the evidence for various psychological problems among CSA survivors is robust (2010, p. 57).
CSA has been identified as contributing to the development of various mental
illnesses and disorders (Collins, 1995, p. 4-5; Maikovich-Fonga, Jaffee, 2010, p. 435;
Maniglio, 2009, p. 647; Roberts, O’Connor, Dunn, & Golding, 2004, p.525). Psychological
disorders associated with CSA include post-traumatic stress disorders [PTS]: (Chen, et al.,
2010, p. 620-621; Endrass & Rossegger, n.d., S57-03; Silverman, Reinherz, & Giaconia, 1996,
p. 709), borderline personality disorders [BPD]: (Endrass & Rossegger, n.d., S57-03; Widom,
Czaja, & Paris, 2009, p. 433), anxiety disorders (Chen, et al., 2010, p. 620-621), depression
(Chen, et al., 2010, p. 620-621; Silverman, Reinherz, & Giaconia, 1996, p. 709; Wilson, 2010,
p. 56), eating disorders (Chen, et al., 2010, p. 620-621; Wilson, 2010, p. 56), sleep disorders
(Chen, et al., 2010, p. 620-621), and obesity (Wilson, 2010, p. 56).
The shame resulting from CSA can limit a survivors’ social adjustment (Feiring, Taska,
& Lewis, 1996, p. 767). These social adjustment difficulties associated with CSA include:
marrying an alcoholic (Dube, et al., 2005, p. 434), family and relationship problems linked to
a CSA history, (Dube, et al.,2005, p. 434). Related to the social issues is addiction and illicit
drug use of survivors (Dube, et al., 2005, p. 434) (Endrass & Rossegger, n.d., S57-03; Wilson,
2010, p. 56); alcohol problems, (Dube, et al., 2005, p. 434; Endrass & Rossegger, n.d., S57-
03), gambling (Endrass & Rossegger, n.d., S57-03), sexual risk taking (Endrass & Rossegger,
n.d., S57-03; Paula, Cataniaa, Pollacka, & Stallb 2001, p. 557; Smith, & Ford, 2010, p. 87;
Welles, Baker, Miner, Brennan, Jacoby, Rosser, 2009, p. 1079) and suicide attempts (Chen,
et al., 2010, p. 620-621; Dent-Brown, 1993, p. 329; Dube, et al., 2005, p. 434; Silverman,
Reinherz, & Giaconia, 1996, p. 709). O’Leary, and Gould (2009, p. 950) argue that sexually
abused men are ten times more likely to attempt suicide than the control group in their
research. In addition to these issues Gill and Tutty (1997, p. 31) found that male survivors
frequently struggle with their gender and social sex role identity; this issue will be discussed
further later.
Recent research suggests that the long term effects of CSA are similar for men and
women (eg. Banyard et al. cited in Dube, et al. 2005, p. 435; Chen, et al., 2010, p. 620-621;
Dube, et al. 2005, p. 435; Endrass & Rossegger, n.d., S57-03; Maikovich-Fonga, Jaffee, 2010,
p. 429; O’Leary, & Gould, 2009, p. 951-952). Maikovich-Fonga and Jaffee’s research led
them to argue that while gender differences between the context of abuse itself were likely,
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the effects in relation to trauma symptoms of the CSA’s do not differ between genders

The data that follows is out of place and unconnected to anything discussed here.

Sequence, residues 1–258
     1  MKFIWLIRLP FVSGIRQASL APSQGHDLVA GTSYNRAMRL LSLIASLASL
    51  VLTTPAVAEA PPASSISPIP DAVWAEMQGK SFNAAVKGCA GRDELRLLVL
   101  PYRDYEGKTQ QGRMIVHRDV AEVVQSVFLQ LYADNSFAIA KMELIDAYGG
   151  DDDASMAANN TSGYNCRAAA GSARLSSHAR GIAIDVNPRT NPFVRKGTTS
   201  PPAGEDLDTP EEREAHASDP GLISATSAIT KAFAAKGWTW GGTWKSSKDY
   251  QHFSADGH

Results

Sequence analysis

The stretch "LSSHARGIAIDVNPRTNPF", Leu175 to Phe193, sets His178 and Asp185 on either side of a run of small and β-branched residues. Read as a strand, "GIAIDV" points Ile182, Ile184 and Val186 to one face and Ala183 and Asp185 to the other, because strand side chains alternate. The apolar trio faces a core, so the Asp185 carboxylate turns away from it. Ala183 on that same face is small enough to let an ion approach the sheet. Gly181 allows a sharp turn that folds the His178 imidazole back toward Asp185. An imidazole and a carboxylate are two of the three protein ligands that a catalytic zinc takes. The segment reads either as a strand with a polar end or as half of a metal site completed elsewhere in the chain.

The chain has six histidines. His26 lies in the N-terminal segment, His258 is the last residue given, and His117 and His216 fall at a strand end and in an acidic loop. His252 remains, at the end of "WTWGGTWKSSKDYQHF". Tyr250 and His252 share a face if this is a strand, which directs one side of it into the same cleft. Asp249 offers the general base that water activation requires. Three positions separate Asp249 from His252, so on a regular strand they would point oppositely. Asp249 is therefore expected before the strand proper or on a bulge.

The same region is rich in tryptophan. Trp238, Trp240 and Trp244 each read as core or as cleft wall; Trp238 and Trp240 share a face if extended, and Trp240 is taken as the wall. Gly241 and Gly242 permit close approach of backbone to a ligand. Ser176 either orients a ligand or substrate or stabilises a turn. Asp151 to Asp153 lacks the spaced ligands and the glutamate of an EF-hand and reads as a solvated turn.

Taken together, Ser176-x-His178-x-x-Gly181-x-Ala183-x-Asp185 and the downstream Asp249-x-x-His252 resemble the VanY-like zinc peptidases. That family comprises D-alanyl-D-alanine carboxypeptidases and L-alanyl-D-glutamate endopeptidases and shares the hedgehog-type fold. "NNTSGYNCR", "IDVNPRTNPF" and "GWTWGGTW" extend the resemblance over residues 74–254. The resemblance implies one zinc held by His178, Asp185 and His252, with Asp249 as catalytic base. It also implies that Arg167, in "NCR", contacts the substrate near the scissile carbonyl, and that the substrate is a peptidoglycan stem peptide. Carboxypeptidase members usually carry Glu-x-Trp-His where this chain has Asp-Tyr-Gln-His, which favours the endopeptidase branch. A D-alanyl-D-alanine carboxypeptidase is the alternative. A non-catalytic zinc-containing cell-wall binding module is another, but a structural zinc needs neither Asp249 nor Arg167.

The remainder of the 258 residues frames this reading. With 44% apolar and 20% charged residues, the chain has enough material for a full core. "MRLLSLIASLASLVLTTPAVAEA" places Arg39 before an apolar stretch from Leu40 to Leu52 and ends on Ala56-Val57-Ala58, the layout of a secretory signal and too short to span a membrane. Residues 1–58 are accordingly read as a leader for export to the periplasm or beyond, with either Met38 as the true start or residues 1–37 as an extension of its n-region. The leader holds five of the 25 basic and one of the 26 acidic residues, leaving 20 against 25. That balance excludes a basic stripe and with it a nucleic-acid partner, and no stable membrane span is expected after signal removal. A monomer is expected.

(2010, p. 429). Maikovich-Fonga and Jaffee accept the possibility that specific
psychopathology symptoms may vary (as their research was too broad to consider specific
psychopathology symptoms) but argue against gender differences on a universal level (p.
435). Crome similarly concludes that in relation to different treatment approaches there is
room for debate but states that the practical approach to treatment and the principles of
treatment are similar for both genders (2006, p. 5-6). Crome further suggests that decisions
of practice approaches should be client led (Crome, 2006, p. 5-6).
Some researchers point to different coping strategies of genders (eg. Chandy, Blum,
& Resnick cited in Dube, et al., 2005, 435; Feiring, Taska, & Lewis, 1996, p. 776; Rew et al.
cited in Dhaliwal, Gauzas, Antonowicz, & Ross, 1996, p. 627.); These authors argue that
MSSA use external coping strategies such as aggressive, antisocial behaviours listed above,
while female survivors of sexual abuse [FSSA] use internalised coping strategies such as
emotional and expressive techniques.
However, this research has its critics. Dube, et al. (2005, p. 435) Dhaliwal, Gauzas,
Antonowicz, and Ross (1996, p. 628) point to research enquires into the social and
psychological effects of CSA and conclude that both external and internal coping
mechanisms are evident in both male and female survivors. Dhaliwal, et al. accept that the
difference between coping strategies may exist but proposes that female survivors of sexual
abuse may have had more support from professional services that helped them develop
more effective coping strategies (1996, p. 627).
One gender difference that seems to gain support from various researchers is that
some MSSA’s that experienced abuse during adolescence rate this experience more
positively than females (Dhaliwal, et al., 1996, p. 627). Maikovich-Fonga and Jaffee, (2010 p.
435) point to Moore and Rosenthal and Durham who suggest that this is due to biological
changes that increase their sexual drive at this age. However, these feelings of pleasure
have been shown to have negative consequences as they create shame and contribute to
the confusion of a male survivors experience and their sex role identity (Durham as cited in
Maikovich-Fonga, & Jaffee, 2010 p. 435). Dhaliwal et al. also accept that some survivors rate